Exercises designed to stretch both your calf muscles and your plantar aponeurosis should help relieve pain and improve flexibility in the affected foot. I will refer to a physiotherapist to monitor your progress as you rehabilitate.

A number of stretching exercises are described below. It’s usually recommended that you do the exercises on both legs, even if only one of your heels is affected by pain. This will improve your balance and stability as well as relieving your heel pain.

Towel stretches: Keep a long towel beside your bed. Before you get out of bed in the morning, loop the towel around your foot and use it to pull your toes towards your body, while keeping your knee straight. Repeat three times on each foot.

Wall stretches: Place both hands on a wall at shoulder height, with one of your feet in front of the other. The front foot should be about 30cm (12 inches) away from the wall. With your front knee bent and your back leg straight, lean towards the wall until you feel a tightening in the calf muscles of your back leg. Then relax. Repeat this exercise 10 times before switching legs and repeating the cycle. You should practise wall stretches twice a day.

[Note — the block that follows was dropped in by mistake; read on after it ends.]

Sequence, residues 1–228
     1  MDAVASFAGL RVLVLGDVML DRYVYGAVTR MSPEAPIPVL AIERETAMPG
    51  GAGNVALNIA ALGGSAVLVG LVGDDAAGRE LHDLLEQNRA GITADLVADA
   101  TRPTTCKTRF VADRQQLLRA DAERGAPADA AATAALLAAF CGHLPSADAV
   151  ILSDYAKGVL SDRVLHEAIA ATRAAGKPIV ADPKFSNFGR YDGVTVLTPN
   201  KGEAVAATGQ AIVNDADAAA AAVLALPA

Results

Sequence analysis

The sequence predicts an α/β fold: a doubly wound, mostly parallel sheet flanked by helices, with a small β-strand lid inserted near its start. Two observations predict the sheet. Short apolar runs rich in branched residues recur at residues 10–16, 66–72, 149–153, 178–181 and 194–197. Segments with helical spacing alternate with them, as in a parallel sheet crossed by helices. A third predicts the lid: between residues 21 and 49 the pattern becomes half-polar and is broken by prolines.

Stair stretches: Stand on a step of your stairs facing upstairs, using the banister for support. Your feet should be slightly apart, with your heels hanging off the back of the step.Lower your heels until you feel a tightening in your calves. Hold this position for about 40 seconds, before raising your heels back to the starting position. Repeat this procedure six times, at least twice a day.

Chair stretches: Sit on a chair, with your knees bent at right angles. Turn your feet sideways so your heels are touching and your toes are pointing in opposite directions. Lift the toes of the affected foot upwards, while keeping your heel firmly on the floor.You should feel your calf muscles and Achilles tendon (the band of tissue that connects your heel bone to your calf muscle) tighten. Hold this position for several seconds and then relax. Repeat this procedure 10 times, five or six times a day.

Dynamic stretches: While seated, roll the arch of your foot (the curved bottom part of the foot between your toes and heel) over a round object, such as a rolling pin, tennis ball or drinks can. Some people find that using a chilled can from their fridge has the added benefit of helping to relieve pain. Move your foot and ankle in all directions over the object for several minutes. Repeat the exercise twice a day.

What shoes are best to wear?